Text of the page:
Liked by 6 people

  6. covfefe999 says:

    Nice speech! Very powerful, very firm.


  7. jmuniz1 says:

    The New President elect Geudo or whatever his name is a member of the Democratic socilaist party whose belifs are the same as that crazy Ocasio chick from New York. If you want a free country get a better canidate. Cliff Kincade from news with views has a great article about the situation. If Rubio and Diaz- Balart support him look out. Diaz Balart is related to the Castro family in Cuba evrryone in Miami knows this and are working to defeat in 2020.I thought this was supposed to be a Populus campaign. I dont see it. Our President Must stick to his building of the wall and remove us from the Bush Koch TPP trade deal that both Rubio and Diaz Balart voted for Aka Obamatrade because the next democrat will finish of the country. He must use his Consituional Powers and build a wall because the next democrat will finish off the country.

    Liked by 3 people

  8. tonyE says:

    A few years ago, we were eating paella at La Española in Long Beach. My mom and other visiting family were with us.

    At the table next to us were some Cuban Americans from Miami and a couple from Cuba proper. These women were drunk and loud and they kept saying how things were much better in Cuba. My mom wanted to kill them.

    I was this close to pulling a Juan Carlos on them -just like the King did to Chavez-. Shut up!

    But, before I said this, the woman at that table nearest my mom, who had been overhearing us talk, leaned over and ask my mom if we were Spanish.

    My dear mom, whom I dearly love… replied in Catalan: “No we are Catalans”… and gave her one of those very dismissive looks…

    I love my mom.

    If the Cubans like Cuba so much? If the Venezuelans like Venezuela so much? What the F#$%% are they doing in the US?

    Liked by 5 people

    • G. Combs says:

      If the Cubans like Cuba so much? If the Venezuelans like Venezuela so much? What the F#$%% are they doing in the US?

      That was EXACTLY what I was thinking.

      You LIKE SOCIALISM? THEN GO HOME!!! Don’t try to bring your broken system here!

      Liked by 4 people

    • covfefe999 says:

      Maduro was elected in 2013. Some Venezuelans fled, but there are many more who have stayed. Don’t condemn them, Venezeula was never stable like the US is. They are eager to improve their country. Helping them is a good thing.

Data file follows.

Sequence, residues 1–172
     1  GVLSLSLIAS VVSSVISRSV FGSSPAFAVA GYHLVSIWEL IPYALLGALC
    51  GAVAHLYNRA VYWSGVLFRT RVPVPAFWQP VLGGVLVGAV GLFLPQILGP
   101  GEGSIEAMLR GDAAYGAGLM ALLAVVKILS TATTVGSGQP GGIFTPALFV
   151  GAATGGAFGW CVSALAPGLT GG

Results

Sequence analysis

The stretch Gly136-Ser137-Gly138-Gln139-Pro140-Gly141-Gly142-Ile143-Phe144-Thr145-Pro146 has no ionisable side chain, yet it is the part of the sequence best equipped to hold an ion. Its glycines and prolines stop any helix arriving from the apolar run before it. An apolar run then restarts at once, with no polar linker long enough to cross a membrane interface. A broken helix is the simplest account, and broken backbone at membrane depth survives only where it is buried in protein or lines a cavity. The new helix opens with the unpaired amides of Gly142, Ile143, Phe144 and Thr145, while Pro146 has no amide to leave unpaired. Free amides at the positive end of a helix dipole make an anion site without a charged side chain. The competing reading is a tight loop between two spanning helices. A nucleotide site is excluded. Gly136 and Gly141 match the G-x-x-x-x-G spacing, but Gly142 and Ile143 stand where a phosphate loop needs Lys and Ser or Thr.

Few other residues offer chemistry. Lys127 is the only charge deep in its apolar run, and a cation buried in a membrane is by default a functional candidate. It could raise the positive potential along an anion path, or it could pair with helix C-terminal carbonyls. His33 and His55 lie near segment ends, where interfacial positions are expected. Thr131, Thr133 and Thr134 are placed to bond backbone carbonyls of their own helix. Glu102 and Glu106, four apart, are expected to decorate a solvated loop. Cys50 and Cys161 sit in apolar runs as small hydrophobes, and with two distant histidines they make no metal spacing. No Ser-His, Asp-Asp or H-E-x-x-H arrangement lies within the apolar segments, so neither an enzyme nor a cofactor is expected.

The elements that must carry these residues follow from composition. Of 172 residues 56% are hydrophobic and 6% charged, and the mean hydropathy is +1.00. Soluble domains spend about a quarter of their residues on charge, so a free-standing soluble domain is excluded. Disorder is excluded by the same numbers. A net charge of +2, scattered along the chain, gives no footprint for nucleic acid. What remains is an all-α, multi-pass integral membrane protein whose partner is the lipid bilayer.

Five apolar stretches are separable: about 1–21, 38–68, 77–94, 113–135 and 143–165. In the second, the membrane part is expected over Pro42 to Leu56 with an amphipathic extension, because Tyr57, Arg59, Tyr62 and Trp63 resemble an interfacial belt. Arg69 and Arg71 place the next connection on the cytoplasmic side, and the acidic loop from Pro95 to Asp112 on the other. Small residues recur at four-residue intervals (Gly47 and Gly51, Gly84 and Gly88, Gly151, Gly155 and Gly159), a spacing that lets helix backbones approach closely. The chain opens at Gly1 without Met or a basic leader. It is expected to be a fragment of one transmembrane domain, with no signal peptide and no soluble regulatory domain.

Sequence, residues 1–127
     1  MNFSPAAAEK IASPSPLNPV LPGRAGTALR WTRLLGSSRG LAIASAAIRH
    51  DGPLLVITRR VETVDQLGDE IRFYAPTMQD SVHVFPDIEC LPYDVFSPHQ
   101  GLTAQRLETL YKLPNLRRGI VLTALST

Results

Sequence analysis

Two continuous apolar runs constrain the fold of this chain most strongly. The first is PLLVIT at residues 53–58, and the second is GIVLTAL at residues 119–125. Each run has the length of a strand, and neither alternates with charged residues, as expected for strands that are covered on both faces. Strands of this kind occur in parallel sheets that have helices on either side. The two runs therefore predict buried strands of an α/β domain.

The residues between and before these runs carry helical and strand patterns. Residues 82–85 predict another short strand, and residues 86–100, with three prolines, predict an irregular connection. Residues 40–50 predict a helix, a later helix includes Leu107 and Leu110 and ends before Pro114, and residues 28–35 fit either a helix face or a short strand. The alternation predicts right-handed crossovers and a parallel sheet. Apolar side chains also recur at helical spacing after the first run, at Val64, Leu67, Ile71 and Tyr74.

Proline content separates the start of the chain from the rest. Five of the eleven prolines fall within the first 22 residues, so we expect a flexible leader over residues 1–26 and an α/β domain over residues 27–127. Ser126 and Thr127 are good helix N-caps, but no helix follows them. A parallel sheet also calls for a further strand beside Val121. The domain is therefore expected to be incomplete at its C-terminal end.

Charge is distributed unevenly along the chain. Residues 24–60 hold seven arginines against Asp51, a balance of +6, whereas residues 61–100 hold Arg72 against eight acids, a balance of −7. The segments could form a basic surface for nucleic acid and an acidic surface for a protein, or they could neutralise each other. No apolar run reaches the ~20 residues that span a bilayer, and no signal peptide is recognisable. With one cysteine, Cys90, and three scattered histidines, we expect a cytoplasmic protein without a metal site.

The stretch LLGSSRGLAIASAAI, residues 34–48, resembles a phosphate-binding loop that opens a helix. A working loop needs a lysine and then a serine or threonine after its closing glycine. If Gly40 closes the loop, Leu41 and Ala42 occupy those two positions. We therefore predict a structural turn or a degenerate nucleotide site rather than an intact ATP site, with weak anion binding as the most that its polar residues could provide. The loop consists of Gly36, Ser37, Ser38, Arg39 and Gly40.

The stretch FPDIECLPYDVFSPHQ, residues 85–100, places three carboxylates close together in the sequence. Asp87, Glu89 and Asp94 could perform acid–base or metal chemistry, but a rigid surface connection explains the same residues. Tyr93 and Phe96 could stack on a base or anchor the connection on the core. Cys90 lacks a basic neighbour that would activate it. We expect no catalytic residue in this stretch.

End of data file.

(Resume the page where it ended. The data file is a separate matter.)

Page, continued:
Liked by 1 person

      • tonyE says:

        Non sequitur.

        The point is… if we have Venezuelans and Cubans living in the US who think that the socialist regimes back in their home countries are better than what we have here in the US.

        Why are they here in the US. Perhaps voting for the Commies?

        Commie… Go Home.


        • covfefe999 says:

          if we have Venezuelans and Cubans living in the US who think that the socialist regimes back in their home countries are better than what we have here in the US.

          It’s my understanding that the Venezuelans and Cubans who are here in the US do NOT like the regimes in their home countries.

          You know, the blanket “Commie Go Home” applied to any people who are here who came from another country is the reason why Trump supporters or Republicans in general are labelled racist or xenophobic. You’re hurting our own cause.


  9. thegoosefish says:

    Viva Trump!

    Liked by 1 person

  10. dogsmaw says:

    Liked by 2 people

  11. dogsmaw says:

    A lot of video on this tweeter’s site.

    I have no idea what they are saying…hope its not bad 😛


    • covfefe999 says:

      OK, so the latest one is the Venezuelan Ambassador to Iraq Jonathan Delfi Velasco Ramírez sides with Maduro. Probably as corrupt as Maduro is, worried that the party is over for him.


      • covfefe999 says:

        The rest, what I can understand why I think is most of it, looks good. Potentially dangerous situation though if the military decides to squelch the protest. I hope Guaido has good protection.


  12. SwampRatTerrier says:

    OF course the pro-Maduro protest is the FAKE ONE.


  13. annieoakley says:

    No Marines. You all fix your own Damn Country. You let your leaders steal your guns and promise Utopia. It isn’t working out? Not MY PROBLEM. The US has problems of its own and they are not insignificant.


    • covfefe999 says:

      We’re going to keep Cuba, Russia, or China from taking control, that’s what I understand.

      Liked by 1 person

      • covfefe999 says:

        Over years, Havana received subsidized oil from Caracas and Cubans have assumed sensitive posts in Venezuela’s government. The daily intelligence briefing Maduro, himself educated in Havana, receives isn’t prepared by Venezuelans but by Cuban intelligence operatives. Yet as deeply entrenched as Cuba remains, Maduro’s departure would rapidly undermine its position.